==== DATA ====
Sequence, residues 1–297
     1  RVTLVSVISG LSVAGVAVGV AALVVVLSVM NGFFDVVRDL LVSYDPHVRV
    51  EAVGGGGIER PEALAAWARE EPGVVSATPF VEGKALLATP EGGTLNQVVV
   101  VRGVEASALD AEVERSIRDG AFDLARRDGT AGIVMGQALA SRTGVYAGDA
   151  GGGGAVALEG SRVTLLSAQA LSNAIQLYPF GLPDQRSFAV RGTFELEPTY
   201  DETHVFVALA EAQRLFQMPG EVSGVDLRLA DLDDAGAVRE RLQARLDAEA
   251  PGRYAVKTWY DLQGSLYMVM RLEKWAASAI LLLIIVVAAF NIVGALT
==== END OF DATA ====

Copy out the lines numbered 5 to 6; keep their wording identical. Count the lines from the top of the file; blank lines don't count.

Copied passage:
   151  GGGGAVALEG SRVTLLSAQA LSNAIQLYPF GLPDQRSFAV RGTFELEPTY
   201  DETHVFVALA EAQRLFQMPG EVSGVDLRLA DLDDAGAVRE RLQARLDAEA